Thousands of people are also being displaced from their homes because of natural disasters, some of which are related to climate change. Hurricanes, tsunamis and earthquakes all result in the displacement of peoples from their homes and lands. Though these displacement do not arise as a direct result of State conduct or inaction, the ways in which States respond or fail to respond to these natural disasters is governed by international law and human rights principles.

despite the scope and scale of forced evictions and the devastating effects on the livelihoods and well-being of individuals, families and communities, there remains a concerning lack of reliable, official data or information about forced evictions. The absence of this information allows the practice of forced eviction to continue with impunity, regarded as simply the ‘cost’ of development or urban expansion and renewal. 36

  • 30 See for example: Centre on Housing Rights and Evictions, Impact, 2010.

  • 31 Centre on Housing Rights and Evictions, 2009:9.

  • 32 UN-HABITAT, 2008:15.

  • 33 Centre on Housing Rights and Evictions, 2009:9.

  • 34 See: Displacement Solutions, 2011: http://displacementsolutions.org.

  • 35 See: Displacement Solutions, 2011: http://displacementsolutions.org.

  • 36 Centre on Housing Rights and Evictions, 2009:7; See also: Office of the United Nations High Commissioner for Human Rights, no date.

5. international Human riGHts law and Forced evictions 19
5. international Human riGHts law and Forced evictions 19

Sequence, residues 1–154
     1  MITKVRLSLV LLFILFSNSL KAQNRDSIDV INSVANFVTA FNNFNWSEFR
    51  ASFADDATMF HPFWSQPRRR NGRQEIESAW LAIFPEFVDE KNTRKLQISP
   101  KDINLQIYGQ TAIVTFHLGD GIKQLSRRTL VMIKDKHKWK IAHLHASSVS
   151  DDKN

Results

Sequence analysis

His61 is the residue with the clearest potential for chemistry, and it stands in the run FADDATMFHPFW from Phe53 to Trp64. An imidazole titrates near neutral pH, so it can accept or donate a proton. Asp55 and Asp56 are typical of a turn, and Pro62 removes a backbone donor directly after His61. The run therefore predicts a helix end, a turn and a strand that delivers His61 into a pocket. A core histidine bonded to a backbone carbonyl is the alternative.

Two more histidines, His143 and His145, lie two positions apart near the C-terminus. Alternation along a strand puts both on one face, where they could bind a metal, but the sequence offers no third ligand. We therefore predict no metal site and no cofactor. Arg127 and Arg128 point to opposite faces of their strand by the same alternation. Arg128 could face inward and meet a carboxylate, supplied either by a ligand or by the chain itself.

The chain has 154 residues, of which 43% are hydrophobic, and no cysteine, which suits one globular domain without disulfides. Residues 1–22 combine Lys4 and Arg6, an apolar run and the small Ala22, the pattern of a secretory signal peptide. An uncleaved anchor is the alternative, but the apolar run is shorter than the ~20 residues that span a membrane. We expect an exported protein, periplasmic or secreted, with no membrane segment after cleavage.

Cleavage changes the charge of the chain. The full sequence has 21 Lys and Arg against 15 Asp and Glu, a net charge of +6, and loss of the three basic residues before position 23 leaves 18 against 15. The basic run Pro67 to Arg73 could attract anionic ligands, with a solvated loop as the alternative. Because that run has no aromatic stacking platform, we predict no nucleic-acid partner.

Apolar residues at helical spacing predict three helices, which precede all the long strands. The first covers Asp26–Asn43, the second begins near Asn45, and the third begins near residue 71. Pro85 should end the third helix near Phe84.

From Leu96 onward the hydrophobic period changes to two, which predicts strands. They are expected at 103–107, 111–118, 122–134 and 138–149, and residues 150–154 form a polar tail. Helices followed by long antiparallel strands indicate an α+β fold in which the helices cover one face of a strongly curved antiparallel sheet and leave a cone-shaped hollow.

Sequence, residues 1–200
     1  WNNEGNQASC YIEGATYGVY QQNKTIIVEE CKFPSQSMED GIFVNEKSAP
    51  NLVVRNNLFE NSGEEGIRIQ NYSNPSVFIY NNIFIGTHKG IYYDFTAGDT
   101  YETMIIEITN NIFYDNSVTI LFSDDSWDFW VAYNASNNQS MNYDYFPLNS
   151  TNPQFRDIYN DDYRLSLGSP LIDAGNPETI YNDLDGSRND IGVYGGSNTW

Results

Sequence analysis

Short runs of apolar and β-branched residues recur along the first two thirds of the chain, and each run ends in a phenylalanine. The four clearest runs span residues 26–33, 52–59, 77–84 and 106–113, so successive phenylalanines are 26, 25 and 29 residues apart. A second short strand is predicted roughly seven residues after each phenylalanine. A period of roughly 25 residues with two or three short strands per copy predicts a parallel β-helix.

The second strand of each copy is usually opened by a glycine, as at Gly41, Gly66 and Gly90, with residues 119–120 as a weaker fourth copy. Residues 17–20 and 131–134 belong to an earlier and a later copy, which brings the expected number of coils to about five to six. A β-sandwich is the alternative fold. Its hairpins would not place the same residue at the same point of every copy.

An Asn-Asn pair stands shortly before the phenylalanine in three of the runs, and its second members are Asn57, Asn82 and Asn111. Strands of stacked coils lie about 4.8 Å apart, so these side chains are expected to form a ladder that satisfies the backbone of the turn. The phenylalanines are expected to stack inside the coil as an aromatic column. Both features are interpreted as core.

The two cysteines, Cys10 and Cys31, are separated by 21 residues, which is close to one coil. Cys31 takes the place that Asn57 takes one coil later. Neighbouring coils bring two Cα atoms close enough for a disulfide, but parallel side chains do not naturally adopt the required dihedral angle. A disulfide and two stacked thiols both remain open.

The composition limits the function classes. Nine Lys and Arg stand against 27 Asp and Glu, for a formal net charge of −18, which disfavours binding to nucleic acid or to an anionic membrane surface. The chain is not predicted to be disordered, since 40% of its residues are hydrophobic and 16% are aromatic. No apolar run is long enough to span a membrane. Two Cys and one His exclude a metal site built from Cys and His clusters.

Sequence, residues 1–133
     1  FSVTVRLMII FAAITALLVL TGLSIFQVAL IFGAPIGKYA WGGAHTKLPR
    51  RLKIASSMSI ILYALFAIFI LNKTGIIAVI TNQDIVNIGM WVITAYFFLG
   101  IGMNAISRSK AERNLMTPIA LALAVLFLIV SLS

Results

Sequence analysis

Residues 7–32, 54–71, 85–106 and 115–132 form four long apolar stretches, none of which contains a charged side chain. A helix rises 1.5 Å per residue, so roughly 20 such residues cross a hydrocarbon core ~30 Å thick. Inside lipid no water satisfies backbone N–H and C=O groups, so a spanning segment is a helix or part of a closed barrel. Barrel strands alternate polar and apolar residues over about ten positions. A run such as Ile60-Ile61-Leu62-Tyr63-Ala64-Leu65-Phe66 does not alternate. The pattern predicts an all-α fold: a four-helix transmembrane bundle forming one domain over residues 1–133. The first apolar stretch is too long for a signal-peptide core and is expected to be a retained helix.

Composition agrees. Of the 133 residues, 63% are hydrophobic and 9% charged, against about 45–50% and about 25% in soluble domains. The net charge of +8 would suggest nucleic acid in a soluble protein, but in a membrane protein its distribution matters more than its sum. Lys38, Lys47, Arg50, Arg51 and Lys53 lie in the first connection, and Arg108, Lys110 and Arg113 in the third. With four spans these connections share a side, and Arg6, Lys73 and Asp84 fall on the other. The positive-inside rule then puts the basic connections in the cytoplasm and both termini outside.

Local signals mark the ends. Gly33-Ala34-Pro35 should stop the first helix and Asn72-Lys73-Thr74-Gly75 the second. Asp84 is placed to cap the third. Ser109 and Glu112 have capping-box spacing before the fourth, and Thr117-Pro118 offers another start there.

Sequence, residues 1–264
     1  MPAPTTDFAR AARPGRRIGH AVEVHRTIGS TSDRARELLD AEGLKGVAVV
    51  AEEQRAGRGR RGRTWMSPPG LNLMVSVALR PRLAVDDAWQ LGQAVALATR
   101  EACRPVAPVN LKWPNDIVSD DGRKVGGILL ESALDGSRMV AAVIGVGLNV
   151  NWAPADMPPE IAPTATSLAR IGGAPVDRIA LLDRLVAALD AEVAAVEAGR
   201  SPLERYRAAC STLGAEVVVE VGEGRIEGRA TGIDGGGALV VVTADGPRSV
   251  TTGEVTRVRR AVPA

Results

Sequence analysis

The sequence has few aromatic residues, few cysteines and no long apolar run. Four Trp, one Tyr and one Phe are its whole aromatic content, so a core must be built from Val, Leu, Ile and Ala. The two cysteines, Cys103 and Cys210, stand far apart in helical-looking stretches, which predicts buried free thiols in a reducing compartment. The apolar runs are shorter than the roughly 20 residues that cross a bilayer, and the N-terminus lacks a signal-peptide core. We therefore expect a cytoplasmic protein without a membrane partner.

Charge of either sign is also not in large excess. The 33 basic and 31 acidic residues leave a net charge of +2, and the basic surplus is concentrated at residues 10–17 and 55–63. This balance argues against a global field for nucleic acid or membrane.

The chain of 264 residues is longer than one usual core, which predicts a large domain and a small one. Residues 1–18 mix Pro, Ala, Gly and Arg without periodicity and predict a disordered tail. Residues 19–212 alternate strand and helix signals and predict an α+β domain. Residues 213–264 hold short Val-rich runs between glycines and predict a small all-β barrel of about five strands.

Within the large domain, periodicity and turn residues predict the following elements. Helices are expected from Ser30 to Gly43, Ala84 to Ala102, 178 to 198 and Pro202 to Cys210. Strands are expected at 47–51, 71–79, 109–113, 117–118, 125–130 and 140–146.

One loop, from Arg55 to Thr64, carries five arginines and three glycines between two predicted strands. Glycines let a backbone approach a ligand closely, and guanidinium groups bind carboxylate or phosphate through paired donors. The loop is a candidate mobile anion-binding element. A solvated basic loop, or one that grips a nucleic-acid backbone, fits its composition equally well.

5. international Human riGHts law and Forced evictions

5.1 leGal documents and principles The human right not to be forcibly evicted is derived from
  • 5.1 leGal documents and principles

The human right not to be forcibly evicted is derived from the right to adequate housing, which was enshrined in Art.25 (1) of the 1948 Universal declaration on Human Rights (UdHR) and has found its clearest expression as a component of the right to an adequate standard of living, including adequate housing under Art. 11.1 of the International covenant on Economic, Social and cultural Rights (IcEScR). 160 States are now party to the IcEScR.

The right to adequate housing has been interpreted by the United nations committee on Economic, Social and cultural Rights (cEScR) – mandated with monitoring State compliance with the IcEScR – to include protection against forced eviction. The committee defined forced eviction as the

permanent or temporary removal against their will of individuals, families and/ or communities from the homes

permanent or temporary removal against their will of individuals, families and/ or communities from the homes and/ or land which they occupy, without the provision of, and access to, appropriate forms of legal or other protection. 37